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Cognitive Distortions: Types, Examples, & Exercises

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Ever found yourself caught in a mental web where your thoughts seem to twist reality into strange shapes, leaving you feeling overwhelmed or stuck? You’re not alone. Welcome to the intriguing world of cognitive distortions, those sneaky mental habits that can turn everyday thinking into a rollercoaster of extreme emotions. Think of them as the illusions of the mind, the distorted glasses we sometimes don without even realizing it. In this blog, we’re going to journey through these mind-bending phenomena, unpacking their types, diving into real-life examples, and equipping you with practical exercises to help you untangle the web of distorted thinking.

What Are Cognitive Distortions, Anyway?

Imagine you have a pair of glasses on, but these glasses don’t show the world as it is; they distort reality. Cognitive distortions are like those glasses for your mind. They’re automatic and exaggerated thoughts that lead to irrational beliefs and, ultimately, negative emotions. Here are some common cognitive distortion examples:

All-or-Nothing Thinking (Black and White Thinking)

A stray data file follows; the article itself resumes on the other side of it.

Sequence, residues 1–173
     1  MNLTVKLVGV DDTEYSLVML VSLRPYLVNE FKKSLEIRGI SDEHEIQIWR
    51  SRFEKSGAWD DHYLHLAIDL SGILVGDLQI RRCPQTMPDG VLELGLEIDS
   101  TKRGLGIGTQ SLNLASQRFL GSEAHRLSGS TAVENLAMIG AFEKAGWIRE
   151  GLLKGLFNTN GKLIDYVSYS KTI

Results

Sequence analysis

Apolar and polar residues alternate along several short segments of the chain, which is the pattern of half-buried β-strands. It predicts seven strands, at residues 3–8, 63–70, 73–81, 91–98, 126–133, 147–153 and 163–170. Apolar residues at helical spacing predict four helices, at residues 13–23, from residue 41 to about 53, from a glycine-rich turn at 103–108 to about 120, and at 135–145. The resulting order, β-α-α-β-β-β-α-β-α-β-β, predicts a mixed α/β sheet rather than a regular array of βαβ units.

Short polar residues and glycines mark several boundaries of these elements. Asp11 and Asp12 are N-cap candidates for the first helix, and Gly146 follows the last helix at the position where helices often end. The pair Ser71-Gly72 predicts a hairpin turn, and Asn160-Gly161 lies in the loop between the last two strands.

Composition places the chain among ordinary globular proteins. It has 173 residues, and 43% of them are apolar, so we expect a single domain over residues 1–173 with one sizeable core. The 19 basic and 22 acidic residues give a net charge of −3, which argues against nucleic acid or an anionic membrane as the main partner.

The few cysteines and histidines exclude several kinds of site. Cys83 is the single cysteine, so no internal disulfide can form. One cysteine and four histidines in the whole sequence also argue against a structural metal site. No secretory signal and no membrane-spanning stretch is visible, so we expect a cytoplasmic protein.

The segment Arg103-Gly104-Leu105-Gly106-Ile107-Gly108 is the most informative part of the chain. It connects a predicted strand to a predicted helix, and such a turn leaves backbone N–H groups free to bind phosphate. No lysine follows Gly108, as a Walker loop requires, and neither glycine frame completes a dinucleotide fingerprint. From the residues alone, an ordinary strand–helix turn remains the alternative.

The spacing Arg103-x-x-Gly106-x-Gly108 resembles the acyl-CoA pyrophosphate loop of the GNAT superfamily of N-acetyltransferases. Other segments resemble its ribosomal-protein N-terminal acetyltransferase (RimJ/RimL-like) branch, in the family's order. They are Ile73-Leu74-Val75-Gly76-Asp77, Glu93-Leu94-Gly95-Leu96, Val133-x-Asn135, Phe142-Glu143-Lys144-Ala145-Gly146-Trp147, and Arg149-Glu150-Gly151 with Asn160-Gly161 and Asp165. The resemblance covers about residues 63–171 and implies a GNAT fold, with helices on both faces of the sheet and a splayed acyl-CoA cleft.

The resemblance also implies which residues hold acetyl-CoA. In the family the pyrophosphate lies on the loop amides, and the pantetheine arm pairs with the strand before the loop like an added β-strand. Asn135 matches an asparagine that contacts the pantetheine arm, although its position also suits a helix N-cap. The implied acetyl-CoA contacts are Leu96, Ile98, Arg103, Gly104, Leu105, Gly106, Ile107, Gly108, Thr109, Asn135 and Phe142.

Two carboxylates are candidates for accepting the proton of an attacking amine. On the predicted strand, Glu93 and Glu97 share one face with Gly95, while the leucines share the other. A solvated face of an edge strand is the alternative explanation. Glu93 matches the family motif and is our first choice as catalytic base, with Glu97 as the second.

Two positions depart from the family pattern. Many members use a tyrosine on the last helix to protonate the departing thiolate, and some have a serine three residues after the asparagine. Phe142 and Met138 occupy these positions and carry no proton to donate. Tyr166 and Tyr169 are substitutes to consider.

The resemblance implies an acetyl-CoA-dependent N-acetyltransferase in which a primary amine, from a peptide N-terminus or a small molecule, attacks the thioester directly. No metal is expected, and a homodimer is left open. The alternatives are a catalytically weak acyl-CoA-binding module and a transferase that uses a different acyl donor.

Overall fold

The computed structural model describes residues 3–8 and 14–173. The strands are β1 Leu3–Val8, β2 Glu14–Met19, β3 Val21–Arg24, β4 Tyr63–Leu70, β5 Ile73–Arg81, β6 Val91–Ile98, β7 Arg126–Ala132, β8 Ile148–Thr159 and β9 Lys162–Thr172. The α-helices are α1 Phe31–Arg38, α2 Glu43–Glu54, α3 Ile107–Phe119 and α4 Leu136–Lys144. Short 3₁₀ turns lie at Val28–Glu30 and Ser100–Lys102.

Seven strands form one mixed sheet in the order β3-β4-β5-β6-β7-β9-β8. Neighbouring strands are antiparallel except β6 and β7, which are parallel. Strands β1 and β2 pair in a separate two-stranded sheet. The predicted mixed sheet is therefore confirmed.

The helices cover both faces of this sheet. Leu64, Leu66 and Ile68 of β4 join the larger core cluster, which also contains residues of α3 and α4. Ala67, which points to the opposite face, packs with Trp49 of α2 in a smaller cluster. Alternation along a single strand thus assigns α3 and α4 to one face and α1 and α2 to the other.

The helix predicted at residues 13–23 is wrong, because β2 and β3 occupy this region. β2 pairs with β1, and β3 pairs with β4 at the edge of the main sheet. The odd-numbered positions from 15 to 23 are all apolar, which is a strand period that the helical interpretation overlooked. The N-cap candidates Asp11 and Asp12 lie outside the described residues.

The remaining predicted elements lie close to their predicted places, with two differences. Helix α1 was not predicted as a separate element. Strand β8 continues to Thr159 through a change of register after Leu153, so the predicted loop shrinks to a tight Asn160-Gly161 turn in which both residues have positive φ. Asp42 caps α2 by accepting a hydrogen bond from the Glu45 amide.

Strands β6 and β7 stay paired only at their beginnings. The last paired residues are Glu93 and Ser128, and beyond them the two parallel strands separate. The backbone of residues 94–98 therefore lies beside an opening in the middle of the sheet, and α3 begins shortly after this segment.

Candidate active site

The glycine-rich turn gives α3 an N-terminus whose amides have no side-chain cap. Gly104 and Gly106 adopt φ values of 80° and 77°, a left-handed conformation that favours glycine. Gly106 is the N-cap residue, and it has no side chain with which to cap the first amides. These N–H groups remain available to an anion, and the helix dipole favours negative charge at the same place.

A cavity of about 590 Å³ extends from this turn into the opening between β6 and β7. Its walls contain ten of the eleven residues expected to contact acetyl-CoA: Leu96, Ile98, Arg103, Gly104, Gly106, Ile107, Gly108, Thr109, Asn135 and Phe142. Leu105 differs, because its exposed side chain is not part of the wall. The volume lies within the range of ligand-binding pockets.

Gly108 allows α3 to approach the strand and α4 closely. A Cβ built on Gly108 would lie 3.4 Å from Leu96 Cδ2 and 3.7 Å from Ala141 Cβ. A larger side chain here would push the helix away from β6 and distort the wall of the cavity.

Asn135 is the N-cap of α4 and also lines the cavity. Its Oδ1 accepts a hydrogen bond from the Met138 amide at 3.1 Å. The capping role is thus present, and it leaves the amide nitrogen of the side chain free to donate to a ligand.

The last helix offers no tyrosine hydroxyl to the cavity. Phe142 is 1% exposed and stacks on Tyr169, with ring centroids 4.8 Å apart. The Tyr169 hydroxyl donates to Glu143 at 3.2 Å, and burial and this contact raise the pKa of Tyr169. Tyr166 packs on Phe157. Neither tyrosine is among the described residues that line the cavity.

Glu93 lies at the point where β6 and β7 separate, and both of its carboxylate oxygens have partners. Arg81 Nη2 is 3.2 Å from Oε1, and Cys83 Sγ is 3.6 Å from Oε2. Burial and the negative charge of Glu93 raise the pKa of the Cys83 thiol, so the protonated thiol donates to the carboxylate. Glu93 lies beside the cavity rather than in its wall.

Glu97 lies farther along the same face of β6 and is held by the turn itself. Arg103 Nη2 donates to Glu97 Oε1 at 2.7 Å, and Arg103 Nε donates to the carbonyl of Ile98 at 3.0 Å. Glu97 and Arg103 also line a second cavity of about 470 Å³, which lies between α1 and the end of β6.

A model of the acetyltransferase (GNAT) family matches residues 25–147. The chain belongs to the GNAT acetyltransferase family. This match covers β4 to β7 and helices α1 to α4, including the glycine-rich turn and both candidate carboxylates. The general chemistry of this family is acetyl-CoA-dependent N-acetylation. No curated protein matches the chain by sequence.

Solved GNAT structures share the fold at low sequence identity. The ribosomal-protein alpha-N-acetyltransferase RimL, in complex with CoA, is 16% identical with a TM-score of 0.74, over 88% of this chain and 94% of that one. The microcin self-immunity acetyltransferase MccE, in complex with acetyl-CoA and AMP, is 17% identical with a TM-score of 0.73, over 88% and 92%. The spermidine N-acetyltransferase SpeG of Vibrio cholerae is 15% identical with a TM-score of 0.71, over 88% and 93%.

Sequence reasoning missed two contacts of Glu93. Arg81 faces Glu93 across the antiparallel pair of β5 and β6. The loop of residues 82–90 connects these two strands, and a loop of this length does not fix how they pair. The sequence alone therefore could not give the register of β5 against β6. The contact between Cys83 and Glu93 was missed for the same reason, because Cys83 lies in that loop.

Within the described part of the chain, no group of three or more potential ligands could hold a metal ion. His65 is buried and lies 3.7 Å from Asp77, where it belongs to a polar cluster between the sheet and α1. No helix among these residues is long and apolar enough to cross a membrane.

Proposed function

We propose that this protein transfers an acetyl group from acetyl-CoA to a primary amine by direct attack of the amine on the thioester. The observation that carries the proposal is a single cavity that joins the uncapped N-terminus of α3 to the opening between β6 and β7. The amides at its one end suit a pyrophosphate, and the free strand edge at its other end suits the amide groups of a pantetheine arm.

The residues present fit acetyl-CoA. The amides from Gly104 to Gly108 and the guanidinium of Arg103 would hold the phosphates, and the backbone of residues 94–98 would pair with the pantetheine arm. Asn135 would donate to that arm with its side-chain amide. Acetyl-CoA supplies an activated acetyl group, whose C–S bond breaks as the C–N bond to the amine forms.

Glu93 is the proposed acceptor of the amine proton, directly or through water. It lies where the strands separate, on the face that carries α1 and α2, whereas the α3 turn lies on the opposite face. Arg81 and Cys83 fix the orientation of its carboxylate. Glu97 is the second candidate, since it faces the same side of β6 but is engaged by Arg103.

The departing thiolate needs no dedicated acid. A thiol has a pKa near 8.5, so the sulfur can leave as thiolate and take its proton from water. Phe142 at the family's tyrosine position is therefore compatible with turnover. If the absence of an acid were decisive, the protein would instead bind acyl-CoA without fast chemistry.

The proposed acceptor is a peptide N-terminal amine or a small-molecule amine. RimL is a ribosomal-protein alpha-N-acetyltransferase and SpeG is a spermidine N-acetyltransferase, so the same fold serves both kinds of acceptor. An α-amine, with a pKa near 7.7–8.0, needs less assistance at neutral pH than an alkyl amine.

Imagine viewing life through a lens that only recognizes two extremes: perfection or failure. This is what all-or-nothing thinking, often referred to as black and white thinking, is all about. It’s the tendency to see situations in terms of absolute success or absolute failure, with no middle ground. This cognitive distortion often leaves people feeling trapped in a relentless pursuit of perfection. If they don’t achieve something flawlessly, they might label themselves as complete failures. 

Example: If someone is trying to lose weight and has a single slice of pizza, they might think, “Well, I’ve blown my diet completely. I might as well eat the whole pizza now.”

Exercise: Challenge yourself to find at least three shades of gray in any situation. Life is rarely just black or white.


Overgeneralization involves taking one negative event or experience and applying it as a broad, sweeping belief about oneself or the world. It’s like making one mistake and concluding that you’re destined to fail at everything. Overgeneralization can severely limit personal growth and lead to a lack of self-esteem.